For the state of Illinois, a thank you might be in order for its neighbors to the north. A newly released analysis says that Illinois collected millions of dollars in tax revenue from Wisconsin residents who crossed the border to buy legal marijuana.
The two Great Lakes states border each other––Wisconsin abutting Illinois to the north––but they have very different laws on cannabis.
Illinois legalized recreational marijuana in 2019, and a state-sanctioned adult-use market launched at the beginning of 2020. The state also legalized medical cannabis in 2013.
Wisconsin, meanwhile, is one of the last remaining states where both recreational and medical marijuana are still illegal.
Democrats in Wisconsin are determined to change that––including one lawmaker who released an analysis last week showing that the state is losing millions in potential tax revenue to Illinois.
The report from Wisconsin’s Legislative Fiscal Bureau “estimated that $36.1 million of Illinois cannabis tax revenues in fiscal year 2022 were attributable to sales of cannabis made to Wisconsin residents.”
The analysis “assumes that all sales to out-of-state residents in counties bordering Wisconsin were made to Wisconsin residents, which are estimated to constitute 7.8% of total Illinois cannabis-related tax revenue,” according to the report, which said that of “the sales made in counties bordering Wisconsin, $121.2 million, or 50.6%, of these sales were to out-of-state residents.”
“Relative to marijuana sales statewide, approximately 7.8% of total cannabis sales revenue in Illinois came from sales made to out-of-state residents in counties bordering Wisconsin in calendar year 2022,” the analysis said.
The report came at the request of Democratic state Sen. Melissa Agard, who has championed marijuana legalization proposals in the Wisconsin legislature for years.
Agard, the Democratic leader in the state Senate, expressed frustration at the findings.
“It should upset every Wisconsinite that our hard earned tax dollars are going across the border to Illinois. This is revenue that could be going toward Wisconsin’s public schools, transportation infrastructure, and public safety. Instead, Illinois is reaping the benefits of Republican obstructionism and their prohibitionist stance on marijuana legalization,” Agard said in a statement last week.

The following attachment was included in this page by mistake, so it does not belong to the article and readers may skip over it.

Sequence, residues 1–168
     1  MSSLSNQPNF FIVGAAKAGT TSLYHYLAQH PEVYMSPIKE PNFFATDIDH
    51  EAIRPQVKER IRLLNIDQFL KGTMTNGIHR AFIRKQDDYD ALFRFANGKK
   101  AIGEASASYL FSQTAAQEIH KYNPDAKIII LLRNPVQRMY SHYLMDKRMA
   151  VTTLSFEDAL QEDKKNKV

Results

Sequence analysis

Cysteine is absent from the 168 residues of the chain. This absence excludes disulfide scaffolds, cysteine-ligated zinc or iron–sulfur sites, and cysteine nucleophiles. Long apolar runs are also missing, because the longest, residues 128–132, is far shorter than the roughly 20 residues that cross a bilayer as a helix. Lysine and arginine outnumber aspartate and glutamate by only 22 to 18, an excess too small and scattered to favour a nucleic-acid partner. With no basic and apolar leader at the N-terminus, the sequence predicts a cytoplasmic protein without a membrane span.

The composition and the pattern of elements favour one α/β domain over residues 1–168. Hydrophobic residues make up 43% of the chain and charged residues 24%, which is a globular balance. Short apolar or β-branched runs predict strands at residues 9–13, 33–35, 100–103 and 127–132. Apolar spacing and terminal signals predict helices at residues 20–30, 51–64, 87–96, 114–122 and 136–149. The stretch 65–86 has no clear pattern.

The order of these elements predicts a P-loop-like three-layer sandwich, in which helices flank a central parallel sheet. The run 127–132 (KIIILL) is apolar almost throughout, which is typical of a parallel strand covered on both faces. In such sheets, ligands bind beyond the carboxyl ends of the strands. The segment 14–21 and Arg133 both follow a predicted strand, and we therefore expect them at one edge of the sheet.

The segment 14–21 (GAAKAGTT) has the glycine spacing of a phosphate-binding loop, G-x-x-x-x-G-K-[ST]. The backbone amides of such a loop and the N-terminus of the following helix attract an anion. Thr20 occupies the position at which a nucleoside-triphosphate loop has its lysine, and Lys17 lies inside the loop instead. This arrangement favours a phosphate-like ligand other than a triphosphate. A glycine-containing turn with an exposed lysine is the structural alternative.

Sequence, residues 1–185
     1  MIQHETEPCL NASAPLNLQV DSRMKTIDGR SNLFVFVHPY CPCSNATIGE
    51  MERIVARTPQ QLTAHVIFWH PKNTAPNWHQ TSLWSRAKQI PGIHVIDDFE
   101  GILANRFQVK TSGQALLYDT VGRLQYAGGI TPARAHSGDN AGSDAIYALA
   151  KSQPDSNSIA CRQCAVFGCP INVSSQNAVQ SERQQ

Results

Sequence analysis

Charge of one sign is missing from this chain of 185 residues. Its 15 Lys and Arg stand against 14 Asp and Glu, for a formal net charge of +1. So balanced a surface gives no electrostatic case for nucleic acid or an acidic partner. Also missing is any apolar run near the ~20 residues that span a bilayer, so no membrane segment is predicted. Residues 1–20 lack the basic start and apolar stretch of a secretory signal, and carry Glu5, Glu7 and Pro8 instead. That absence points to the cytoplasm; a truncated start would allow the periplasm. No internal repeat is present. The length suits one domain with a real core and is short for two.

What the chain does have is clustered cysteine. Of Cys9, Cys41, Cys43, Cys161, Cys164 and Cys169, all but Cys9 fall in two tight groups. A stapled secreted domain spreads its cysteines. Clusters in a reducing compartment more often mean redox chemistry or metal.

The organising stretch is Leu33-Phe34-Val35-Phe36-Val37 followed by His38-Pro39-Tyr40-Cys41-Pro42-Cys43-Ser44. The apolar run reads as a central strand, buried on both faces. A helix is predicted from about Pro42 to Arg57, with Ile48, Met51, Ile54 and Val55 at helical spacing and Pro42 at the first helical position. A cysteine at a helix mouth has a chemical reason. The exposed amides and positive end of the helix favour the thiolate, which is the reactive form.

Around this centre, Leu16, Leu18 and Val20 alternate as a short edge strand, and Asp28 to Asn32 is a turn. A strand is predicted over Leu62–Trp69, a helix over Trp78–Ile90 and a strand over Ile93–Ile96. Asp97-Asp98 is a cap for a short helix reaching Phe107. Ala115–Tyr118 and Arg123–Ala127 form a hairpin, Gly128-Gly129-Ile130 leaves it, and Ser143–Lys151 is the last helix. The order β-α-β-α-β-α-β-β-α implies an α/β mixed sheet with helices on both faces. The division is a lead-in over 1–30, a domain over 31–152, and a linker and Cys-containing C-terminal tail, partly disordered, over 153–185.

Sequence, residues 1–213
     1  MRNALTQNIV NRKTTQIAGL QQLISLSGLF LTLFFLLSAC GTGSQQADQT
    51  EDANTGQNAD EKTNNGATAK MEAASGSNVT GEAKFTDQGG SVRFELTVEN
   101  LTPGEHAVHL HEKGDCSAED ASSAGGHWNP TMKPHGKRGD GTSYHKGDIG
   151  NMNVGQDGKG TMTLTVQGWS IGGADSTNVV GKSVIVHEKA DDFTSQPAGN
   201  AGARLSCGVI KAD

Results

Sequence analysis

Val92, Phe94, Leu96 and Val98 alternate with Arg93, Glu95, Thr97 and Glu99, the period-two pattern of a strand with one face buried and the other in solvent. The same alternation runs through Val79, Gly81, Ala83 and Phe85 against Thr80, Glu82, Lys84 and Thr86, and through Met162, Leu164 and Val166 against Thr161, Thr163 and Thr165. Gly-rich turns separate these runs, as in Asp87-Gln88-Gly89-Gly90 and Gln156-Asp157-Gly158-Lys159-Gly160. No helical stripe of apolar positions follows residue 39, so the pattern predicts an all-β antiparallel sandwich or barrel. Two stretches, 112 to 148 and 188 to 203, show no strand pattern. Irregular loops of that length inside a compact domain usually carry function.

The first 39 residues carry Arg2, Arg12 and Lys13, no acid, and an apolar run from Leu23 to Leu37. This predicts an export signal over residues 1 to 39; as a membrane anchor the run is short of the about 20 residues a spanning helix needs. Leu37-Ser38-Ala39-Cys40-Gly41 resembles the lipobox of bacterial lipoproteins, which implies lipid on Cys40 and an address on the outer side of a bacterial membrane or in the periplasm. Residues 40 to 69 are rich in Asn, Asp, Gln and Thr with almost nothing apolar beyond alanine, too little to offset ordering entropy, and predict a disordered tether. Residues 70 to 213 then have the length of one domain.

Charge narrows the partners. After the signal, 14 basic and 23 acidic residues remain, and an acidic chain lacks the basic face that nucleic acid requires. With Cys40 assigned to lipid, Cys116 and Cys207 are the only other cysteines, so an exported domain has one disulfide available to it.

Republicans hold majorities in both chambers of the Wisconsin legislature, as they have for more than a decade, which has diminished the chances for legalization.
Wisconsin Democrats like Agard, and the state’s governor, Tony Evers, overwhelmingly support an end to the prohibition.
“Republicans’ continued refusal to legalize marijuana is fiscally irresponsible. Wisconsinites paid more than $31 million – just in taxes – to Illinois in 2022. Wisconsin’s loss of potential revenue is even larger if we include taxes paid to Michigan, as well as Minnesota in the near future. Wisconsin is losing out on significant tax dollars that could be used to make our communities stronger, safer, and healthier,” Agard said in the statement.
“We are an island of prohibition and the people of our state are hurting because of it. As seen in our neighboring states, legalizing marijuana for responsible adult usage will generate significant revenue for our mainstreets, safely regulate the existing illicit market, reinvest in our agriculture and farming heritage, support entrepreneurship, and address the massive and egregious racial disparities from marijuana prohibition,” Agard continued.
“The fundamental aspect of our job as legislators is to listen to the people we represent. The people of Wisconsin have been asking the legislature to take up common sense measures that will push our state forward. We know that legalizing cannabis for responsible adult use is wildly popular among Wisconsinites, including the majority of Republicans.”
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